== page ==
Thanks to all of you, I was elected to CSM 13. While on CSM 13, I maintained a reputation as being one of the most approachable and active CSM members. I held a number of town halls and forums, I was active in over 20 EVE discords, continued my appearances on a variety of EVE media, single-handedly did the CSM roundtable at EVE Vegas in 2018, and attended both CSM summits in Iceland. I made it a point to post on Reddit and the EVE-O forums, and I went out of my way to represent the players to CCP. I reached out to underserved communities, including Wormholers, Faction Warfare and Lowsec pilots, and High Sec mission runners (of which I remain). During that time, I continued to play the game daily, managed to lose a Titan, helped evict Hard Knocks from Rage, made some funny videos and avoided all positions of responsibility within my corporation.

All of this came crashing down in April 2019, when I was accused of violating the NDA and was permanently banned, alongside INIT’s two lead FCs, Pandoralica and Dark Shines. After working with CCP, we were able to clear our names and I was reinstated, NO COLLUSION, TOTAL EXONERATION, two weeks later. Given that I have never hidden who I am, the impact on my personal life from the false accusations was significant, and I chose to step down from the CSM and not run for a second term in 2019.

I spent that 2019 killing people in EVE. Since I left the CSM, I have gone out on fleets almost every day, ratted and mined (usually under duress), participated in almost every Saturday Night Swarm with KarmaFleet (unless there was a UFC PPV on), attended EVE Vegas 2019 and EVE London 2019, lost a Widow to Pinecones in Syndicate, joined the Meta Show as co-host, and done my best to remain an ambassador of the game to the rest of the gaming community. I even managed to work my way into the top 15 all-time kill list for Kikimoras, and the top 10 all-time kill list for Nergals. Not bad for an F1 monkey.

My Areas of Expertise

I am primarily a null-sec PvPer. I’ve spent the bulk of the last four years in PvP alliances. As a result, I’m well versed in subcap PvP, large group PvP, capital PvP (including Titans and supercarriers), and the attendant politics that go into that area of space. Because of the work we’ve done in and around wormholes, I’ve learned a lot about them, although I would hesitate to call myself an expert (except to troll the small knot of humorless wormholers who are my biggest fans) in that area. I continue to run missions in high sec, I have a structure that I maintain in high sec so I’m familiar with structure and some logistics aspects of the game, and despite my ardent attempt to not learn anything about mining, I know far too much about it thanks to the krabs in my corp.

My other areas of expertise are outside of the game, but complimentary to it. As an EVE media personality, I know how to run a Twitch talk show, and I’m one of the more professional podcast/talk show hosts in the StreamFleet community. As a real life lobbyist, former public official and attorney, all of my daily professional skills are exactly the kinds of skills needed to be successful on the CSM – how to build relationships, work collaboratively, function in a group professional setting, and use the art of persuasion to maximize positive results for my constituents.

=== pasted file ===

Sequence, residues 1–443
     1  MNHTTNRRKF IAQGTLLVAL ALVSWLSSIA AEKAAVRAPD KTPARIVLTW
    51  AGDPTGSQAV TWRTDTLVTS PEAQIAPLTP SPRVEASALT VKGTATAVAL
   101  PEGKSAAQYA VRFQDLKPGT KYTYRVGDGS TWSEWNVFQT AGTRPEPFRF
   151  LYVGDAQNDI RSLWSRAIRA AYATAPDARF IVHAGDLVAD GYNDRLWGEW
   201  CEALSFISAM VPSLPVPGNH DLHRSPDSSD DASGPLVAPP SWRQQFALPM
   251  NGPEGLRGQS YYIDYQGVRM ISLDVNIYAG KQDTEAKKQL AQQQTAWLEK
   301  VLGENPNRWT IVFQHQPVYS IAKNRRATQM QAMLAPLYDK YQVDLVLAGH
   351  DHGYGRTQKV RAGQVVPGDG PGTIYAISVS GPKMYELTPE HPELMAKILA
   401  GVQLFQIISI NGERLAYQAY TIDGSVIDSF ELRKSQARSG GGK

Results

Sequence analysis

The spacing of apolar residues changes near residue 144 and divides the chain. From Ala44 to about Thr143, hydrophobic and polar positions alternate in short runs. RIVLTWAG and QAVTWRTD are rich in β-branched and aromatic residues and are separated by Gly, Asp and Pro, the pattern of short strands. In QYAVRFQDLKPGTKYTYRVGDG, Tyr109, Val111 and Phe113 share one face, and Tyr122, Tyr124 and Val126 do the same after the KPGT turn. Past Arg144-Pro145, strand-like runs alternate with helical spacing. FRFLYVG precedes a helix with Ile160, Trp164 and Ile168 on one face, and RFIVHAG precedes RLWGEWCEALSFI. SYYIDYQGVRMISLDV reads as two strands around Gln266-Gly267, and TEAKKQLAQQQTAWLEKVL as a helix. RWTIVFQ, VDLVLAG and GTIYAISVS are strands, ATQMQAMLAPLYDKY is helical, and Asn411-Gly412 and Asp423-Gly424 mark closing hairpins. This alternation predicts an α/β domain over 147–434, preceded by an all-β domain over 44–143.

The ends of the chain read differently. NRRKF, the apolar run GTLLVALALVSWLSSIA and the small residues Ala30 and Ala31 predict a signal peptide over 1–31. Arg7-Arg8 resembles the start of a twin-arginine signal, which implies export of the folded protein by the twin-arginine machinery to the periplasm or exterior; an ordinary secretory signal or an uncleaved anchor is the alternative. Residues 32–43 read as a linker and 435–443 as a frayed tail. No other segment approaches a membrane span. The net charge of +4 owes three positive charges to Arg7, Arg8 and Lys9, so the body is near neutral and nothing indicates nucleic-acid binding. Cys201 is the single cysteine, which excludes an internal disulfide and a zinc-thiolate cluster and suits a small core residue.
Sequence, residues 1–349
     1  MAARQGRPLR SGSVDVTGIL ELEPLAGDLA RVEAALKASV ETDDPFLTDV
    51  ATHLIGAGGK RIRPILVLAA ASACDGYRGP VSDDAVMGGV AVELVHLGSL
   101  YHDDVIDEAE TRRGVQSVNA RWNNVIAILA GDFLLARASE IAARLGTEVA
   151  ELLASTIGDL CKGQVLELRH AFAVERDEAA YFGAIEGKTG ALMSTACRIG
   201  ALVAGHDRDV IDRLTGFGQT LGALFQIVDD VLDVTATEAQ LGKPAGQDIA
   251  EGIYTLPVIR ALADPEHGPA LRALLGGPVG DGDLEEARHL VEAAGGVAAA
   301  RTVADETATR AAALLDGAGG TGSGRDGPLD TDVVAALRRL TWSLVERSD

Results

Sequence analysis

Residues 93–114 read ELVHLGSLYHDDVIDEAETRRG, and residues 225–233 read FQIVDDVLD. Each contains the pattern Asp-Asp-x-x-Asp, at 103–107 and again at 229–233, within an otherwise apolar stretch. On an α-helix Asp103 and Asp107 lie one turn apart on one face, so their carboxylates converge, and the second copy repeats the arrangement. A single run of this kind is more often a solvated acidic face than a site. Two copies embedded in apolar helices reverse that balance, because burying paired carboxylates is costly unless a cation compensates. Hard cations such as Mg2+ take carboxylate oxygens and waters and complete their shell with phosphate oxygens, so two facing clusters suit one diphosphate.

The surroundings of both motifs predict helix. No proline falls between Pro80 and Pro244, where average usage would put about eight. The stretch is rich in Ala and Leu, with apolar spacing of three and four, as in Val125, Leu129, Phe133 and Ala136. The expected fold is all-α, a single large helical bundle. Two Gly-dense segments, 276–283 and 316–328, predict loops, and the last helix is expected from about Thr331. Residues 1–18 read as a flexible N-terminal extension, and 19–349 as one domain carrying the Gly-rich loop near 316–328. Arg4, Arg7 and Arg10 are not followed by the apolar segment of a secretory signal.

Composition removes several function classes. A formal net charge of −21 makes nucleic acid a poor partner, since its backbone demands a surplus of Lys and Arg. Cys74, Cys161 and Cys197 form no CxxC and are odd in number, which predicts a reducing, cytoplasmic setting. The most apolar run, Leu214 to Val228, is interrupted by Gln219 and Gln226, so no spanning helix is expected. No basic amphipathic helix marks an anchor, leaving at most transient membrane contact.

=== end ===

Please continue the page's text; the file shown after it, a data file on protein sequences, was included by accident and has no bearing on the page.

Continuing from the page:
I also believe that my past experience with CCP, both on the CSM, in the EVE media sphere, as well as having been accused, banned, and exonerated by the company gives me a unique perspective on the game and the company from other CSM candidates. One thing that players can count on is that, thanks to my experiences, I am nobody’s sycophant, and I will speak truth to power on their behalf.

Why Run for the CSM Again, Especially After What Happened Last Time?

I have asked myself this question a couple of dozen times in the last few weeks. Almost as soon as I resigned, people began asking me if I would run again. At first, the answer was always no, but after a while, I started to get the itch again. This was especially true as we went into the age of “Chaos” and then we started seeing the new quadrant system. It was clear to me that CCP was willing to shake up the game in a way they’d never been willing to before, and that was intriguing to me. It was extremely hard, after having been behind the curtain, to sit on the sidelines and not participate. Even after what happened to me, I could not turn my back on this game and this community.

I have always felt that the most effective CSM members did more than one term, and I have always regretted not finishing the term I was elected to on CSM 13. I think that, because of my resignation, there is still the belief, in some areas, that I was actually guilty of what I was accused of, and I managed to weasel my way out with threats of lawsuits or the like. That wasn’t true – CCP fixed their mistake without me needing to do more than tell them my side of the story – but part of me still feels that the best way to silence those critics is to run again, win and serve a complete term. At that point, I will have done what I set out to do in the first place when I ran for CSM 13.

All that being said, the bottom line as to why I’m running for CSM is the same as it was when I ran the first time – I love this game, I love this community, and I want to use the skills I’ve gained in a career in politics to represent this community to the game developers.